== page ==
Error 550.5.7.1 Client does not have permissions to send as this sender

Hi Guys and Girls,

I have 250 users all on my exchange 2007 box. All users can send via OWA with no problem what-so-ever. I have one user that needs to use POP or iMAP (in OE) and recieves the following error message when sending (recieveing is fine): Error 550.5.7.1 Client does not have permissions to send as this sender. I assumed it was just a POP/iMAP issue but it turns out she cannot send via OWA either (clicking new/reply/forward produces nothing - not even an error).

I have tried around 10 other users from the same and/or differnet AD OU's and OWA/POP/iMAP all worl hunky dorey - it is purely this one user! I am not yet terribly up to speed on the new 'console for everything' approach so don't even know where to start, all obvious GUI configurations for that mailbox seem fine.

Any help urgently and greatfully recieved!

Ben
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ben_stantonAsked:
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ben_stantonConnect With a Mentor Author Commented:
Hi guys,

I had to issue the following command in EMC. I found the answer here; http://forums.msexchange.org/m_1800412481/printable.htm

get-receiveconnector Client <servername> | add-adpermission -user AU -extendedrights ms-Exch-SMTP-Accept-Authoritative-Domain-Sender

I cannot explain why it was just a single client that could not send. There seems to be no user specific code inte above. Very strange.

Thank you for your thoughts anyway.

Ben
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Veerappan SundaramSenior Technical ConsultantCommented:
Did you compare the Default SMTP address of any working user ID with this user ID?

>>>> Veera.
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ben_stantonAuthor Commented:

Not sure what you mean there. But there has been no different configuration made to that one mailbox. It was created just like all the others
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Veerappan SundaramSenior Technical ConsultantCommented:
Each and every user has SMTP addressed stamped by Exchange.
There will be a Default SMTP address for all the users. If this user has more than one SMTP address, then check for the default SMTP address.

>>>> veera.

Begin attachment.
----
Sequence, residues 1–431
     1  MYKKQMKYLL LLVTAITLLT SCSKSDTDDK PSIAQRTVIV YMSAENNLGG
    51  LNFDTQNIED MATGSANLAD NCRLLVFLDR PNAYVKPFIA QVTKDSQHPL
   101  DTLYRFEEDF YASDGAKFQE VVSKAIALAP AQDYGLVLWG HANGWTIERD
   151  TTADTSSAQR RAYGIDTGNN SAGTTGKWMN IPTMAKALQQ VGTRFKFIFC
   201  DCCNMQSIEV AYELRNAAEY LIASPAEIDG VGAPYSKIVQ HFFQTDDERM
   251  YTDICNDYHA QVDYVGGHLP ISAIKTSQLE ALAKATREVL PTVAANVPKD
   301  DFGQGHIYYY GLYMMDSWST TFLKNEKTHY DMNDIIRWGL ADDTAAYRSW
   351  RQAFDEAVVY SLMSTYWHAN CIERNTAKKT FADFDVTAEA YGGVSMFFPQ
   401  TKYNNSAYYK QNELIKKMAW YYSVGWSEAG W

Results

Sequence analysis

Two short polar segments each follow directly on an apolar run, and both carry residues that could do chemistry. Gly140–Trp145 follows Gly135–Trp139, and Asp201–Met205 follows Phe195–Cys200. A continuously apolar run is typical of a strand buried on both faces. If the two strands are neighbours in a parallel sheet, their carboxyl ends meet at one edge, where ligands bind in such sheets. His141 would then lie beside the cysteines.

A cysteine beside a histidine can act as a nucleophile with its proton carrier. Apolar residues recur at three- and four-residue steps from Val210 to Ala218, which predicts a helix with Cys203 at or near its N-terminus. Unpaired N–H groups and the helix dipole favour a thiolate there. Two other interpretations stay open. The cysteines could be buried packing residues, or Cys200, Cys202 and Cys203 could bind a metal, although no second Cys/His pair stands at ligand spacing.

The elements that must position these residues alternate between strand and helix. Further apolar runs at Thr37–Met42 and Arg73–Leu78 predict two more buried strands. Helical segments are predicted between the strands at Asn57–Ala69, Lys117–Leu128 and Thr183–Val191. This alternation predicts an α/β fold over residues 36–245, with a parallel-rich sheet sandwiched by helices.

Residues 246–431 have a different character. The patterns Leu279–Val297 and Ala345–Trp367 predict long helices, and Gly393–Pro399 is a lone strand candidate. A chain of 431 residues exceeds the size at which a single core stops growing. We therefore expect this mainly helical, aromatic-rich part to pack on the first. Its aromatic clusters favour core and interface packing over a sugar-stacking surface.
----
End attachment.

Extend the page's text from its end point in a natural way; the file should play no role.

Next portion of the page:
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intelliwyseCommented:
I had this problem too. I added my own SMTP Send Connector to the Hub Transport but there was this single user who just couldn't relay mail. I copied the command suggested above and pasted into the CMDlet for Exchange 2007 and it worked instantly!

I had to alter the syntax to get it work. Used this syntax:
get-receiveconnector 'recieveconnectornamegoeshere' | add-adpermission -user AU -extendedrights ms-Exch-SMTP-Accept-Authoritative-Domain-Sender

where 'recieveconnectornamegoeshere' is the name of the recieve connector under Server Configuration/Hub Transport
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RLUNTCommented:
Well the discuss has been great, it is/was a combination of all the discussions that actually solves the problem for all, at least me.



1) the NT_Authority\self resolution has more details than presented. Charlie on another forum gave this clue:

go the the Exchange management console and select the user. Right Click, go to the send as permissions option.. check that User NT AUTHORITY\SELF is listed. If not add it.



2) Another user identifed the following power shell as necessary

[PS] C:\Windows\system32>add-adpermission "ConnectorName" -User "domain\user or group" -ExtendedRights ms-Exch-S
MTP-Accept-Authoritative-Domain-Sender


Note the double quotes when your connector has a space in it. aka "domain users"

You have to perform this on both your internal and external connector, then restart the transport and hub services. These steps were left off many forums.

Note the '-' in front of ExtendedRights. This was originally presented without this '-' and there is a command -AccessRights ExtendedRight which lead many to a goose chase.

3) Many discussions are about one user having sendas on another. The topic was about the actual User1 not being able to send as 'User1'. The above steps are for User1 not being able to send as User1.

4)Within Outlook, If you get an error, it is necesary to remove the account or repair it within Outlook, or else the error will 'stick' until you do. Again, another forum had this hidden gem.

5) The above line: get-receiveconnector Client <servername> | add-adpermission -user AU -extendedrights ms-Exch-SMTP-Accept-Authoritative-Domain-Sender

fails with Exchange 2007, the modified version is:
get-receiveconnector "ConnectorName" | add-adpermission -user AU -extendedrights ms-Exch-SMTP-Accept-Authoritative-Domain-Sender

I'm unclear as to the nuance of this vs the above add-adpermission comand, but it took both to make it work.
Note the quotes around "ConnectorName' are unnecessary unless you have a connector name with a space in it.



Thanks for everyones help, I hope the above steps saves the next soul some hours.

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